Resource Corner

4 Methods of Business Email Compromise (BEC)

Learn the top four methods hackers use for Business Email Compromise (BEC).

Business Email Compromise (BEC) is a sophisticated scam targeting businesses working with foreign suppliers and/or businesses that regularly perform wire transfer payments. The scam is carried out by compromising legitimate business e-mail accounts through social engineering or computer intrusion techniques to conduct unauthorized transfers of funds.
Here are the top 4 methods hackers use to compromise businesses:

Spoof an Email Account of Website
Slight variations on legitimate addresses ( vs. fool victims into thinking fake accounts are authentic.  The spoofed emails can be made to look like they are coming from anyone.  Scammers target employees with transactional authority (accounts payable, check signers, authorized individuals) or access to systems managing personally identifiable information. Emails often display a sense of urgency culminating in a request for money transfers, data, or gift cards.

Phishing Emails
These messages look like they’re from a trusted sender to trick victims into revealing confidential information. That information lets criminals access company accounts, calendars, and data that gives them the details they need to carry out the BEC schemes.  Emails attempt to entice users to click on a link that will take the user to a fraudulent website that appears legitimate or clicks on malicious attachments.  This is an attempt by attackers to solicit personal information, such as account usernames and passwords, these fraudulent websites may also contain malicious code.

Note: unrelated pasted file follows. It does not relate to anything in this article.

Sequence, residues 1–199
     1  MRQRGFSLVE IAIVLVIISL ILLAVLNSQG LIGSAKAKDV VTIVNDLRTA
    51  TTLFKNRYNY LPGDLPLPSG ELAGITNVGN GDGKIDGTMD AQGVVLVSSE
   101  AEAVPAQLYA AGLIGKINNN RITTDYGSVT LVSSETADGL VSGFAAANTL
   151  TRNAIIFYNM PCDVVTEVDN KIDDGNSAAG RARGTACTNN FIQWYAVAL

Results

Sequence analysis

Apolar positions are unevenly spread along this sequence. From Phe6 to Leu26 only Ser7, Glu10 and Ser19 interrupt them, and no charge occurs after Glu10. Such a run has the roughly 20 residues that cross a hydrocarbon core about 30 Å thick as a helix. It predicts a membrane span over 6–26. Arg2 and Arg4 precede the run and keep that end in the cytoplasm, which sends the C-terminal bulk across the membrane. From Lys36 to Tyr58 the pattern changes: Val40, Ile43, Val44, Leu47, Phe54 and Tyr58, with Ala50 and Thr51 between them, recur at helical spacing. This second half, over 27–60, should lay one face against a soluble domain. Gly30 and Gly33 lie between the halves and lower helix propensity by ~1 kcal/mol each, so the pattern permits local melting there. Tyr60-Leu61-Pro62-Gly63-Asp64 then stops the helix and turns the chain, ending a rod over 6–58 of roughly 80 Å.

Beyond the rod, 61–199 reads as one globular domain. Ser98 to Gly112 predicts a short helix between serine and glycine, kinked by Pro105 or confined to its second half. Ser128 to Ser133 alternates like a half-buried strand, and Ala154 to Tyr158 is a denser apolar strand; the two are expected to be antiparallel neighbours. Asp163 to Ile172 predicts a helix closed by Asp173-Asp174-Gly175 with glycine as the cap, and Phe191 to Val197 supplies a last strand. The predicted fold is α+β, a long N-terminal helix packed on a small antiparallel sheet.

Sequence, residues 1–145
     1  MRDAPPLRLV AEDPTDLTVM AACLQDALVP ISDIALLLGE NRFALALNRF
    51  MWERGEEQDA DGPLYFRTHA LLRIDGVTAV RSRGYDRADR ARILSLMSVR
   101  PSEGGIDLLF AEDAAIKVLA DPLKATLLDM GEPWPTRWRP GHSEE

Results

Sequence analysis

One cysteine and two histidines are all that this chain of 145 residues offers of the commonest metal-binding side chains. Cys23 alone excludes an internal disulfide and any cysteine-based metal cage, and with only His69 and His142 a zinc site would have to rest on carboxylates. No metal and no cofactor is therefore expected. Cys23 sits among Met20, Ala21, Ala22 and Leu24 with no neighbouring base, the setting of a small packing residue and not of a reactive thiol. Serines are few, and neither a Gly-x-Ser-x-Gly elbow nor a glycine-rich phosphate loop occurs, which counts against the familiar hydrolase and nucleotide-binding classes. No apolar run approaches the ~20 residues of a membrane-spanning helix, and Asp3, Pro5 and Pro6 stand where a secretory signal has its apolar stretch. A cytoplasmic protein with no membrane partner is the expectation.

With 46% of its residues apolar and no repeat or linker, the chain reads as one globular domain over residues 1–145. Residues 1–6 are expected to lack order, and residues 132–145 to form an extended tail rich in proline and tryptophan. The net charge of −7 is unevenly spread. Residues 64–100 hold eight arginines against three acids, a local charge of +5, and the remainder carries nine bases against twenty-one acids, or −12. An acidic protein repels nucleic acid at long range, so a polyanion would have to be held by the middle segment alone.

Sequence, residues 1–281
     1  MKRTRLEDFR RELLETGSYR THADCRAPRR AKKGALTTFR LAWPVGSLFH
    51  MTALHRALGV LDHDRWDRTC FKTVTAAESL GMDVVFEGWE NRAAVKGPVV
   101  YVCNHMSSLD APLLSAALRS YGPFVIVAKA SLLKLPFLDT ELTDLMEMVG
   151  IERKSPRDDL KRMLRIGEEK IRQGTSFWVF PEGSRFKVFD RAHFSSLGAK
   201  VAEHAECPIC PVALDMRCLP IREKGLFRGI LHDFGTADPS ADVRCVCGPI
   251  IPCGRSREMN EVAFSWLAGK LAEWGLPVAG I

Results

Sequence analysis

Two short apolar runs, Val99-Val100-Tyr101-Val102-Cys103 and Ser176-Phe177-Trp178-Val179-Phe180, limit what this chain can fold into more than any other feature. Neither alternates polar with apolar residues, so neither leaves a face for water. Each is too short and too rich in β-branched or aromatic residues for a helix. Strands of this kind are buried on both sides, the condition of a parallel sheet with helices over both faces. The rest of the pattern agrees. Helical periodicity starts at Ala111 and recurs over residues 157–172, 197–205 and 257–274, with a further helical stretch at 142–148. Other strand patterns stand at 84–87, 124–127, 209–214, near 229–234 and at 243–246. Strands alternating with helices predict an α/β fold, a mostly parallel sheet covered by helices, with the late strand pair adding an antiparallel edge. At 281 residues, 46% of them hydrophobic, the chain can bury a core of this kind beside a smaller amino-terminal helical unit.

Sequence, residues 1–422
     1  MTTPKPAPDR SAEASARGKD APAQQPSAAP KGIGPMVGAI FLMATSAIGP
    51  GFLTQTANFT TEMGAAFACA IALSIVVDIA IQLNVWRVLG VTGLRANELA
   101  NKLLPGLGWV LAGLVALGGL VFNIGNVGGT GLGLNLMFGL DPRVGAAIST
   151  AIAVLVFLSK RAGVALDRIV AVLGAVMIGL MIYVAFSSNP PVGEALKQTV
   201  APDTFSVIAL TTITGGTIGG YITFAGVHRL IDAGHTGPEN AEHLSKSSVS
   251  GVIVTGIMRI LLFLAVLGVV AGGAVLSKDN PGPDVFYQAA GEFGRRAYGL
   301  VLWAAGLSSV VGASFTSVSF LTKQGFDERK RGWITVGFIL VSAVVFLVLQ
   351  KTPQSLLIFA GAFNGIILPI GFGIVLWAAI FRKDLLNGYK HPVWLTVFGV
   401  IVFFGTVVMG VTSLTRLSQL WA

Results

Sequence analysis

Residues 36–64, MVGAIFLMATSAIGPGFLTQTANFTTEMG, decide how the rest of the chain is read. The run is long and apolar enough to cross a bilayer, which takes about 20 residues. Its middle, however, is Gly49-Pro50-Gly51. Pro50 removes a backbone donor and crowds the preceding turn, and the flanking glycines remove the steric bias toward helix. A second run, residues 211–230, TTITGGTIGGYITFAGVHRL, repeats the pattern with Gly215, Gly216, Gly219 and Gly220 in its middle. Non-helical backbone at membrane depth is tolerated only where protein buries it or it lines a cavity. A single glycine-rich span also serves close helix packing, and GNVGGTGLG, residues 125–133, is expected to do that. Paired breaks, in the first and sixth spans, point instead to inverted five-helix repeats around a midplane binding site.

Cloud-based Email Services
Cybercriminals are targeting organizations that use popular cloud-based email services to conduct Business Email Compromise (BEC) scams. The scams are initiated through specifically developed phish kits designed to mimic the cloud-based email services in order to compromise business email accounts and request or misdirect transfers of funds. Many phishing kits identify the email service associated with each set of compromised credentials, allowing the cybercriminal to target victims using cloud-based services.

Malicious software can infiltrate company networks and gain access to legitimate email threads about billing and invoices. That information is used to time requests or sends messages so accountants or financial officers don’t question payment requests. Malware also lets criminals gain undetected access to a victim’s data, including passwords and financial account information.  This data is then used to avoid raising suspicions when a falsified wire transfer is submitted

To learn about more methods hacker use to compromise business emails, read the full article here.

All content is for informational purposes only and does not constitute legal, tax, or accounting advice. You should consult your legal and tax or accounting advisors before making any financial decisions.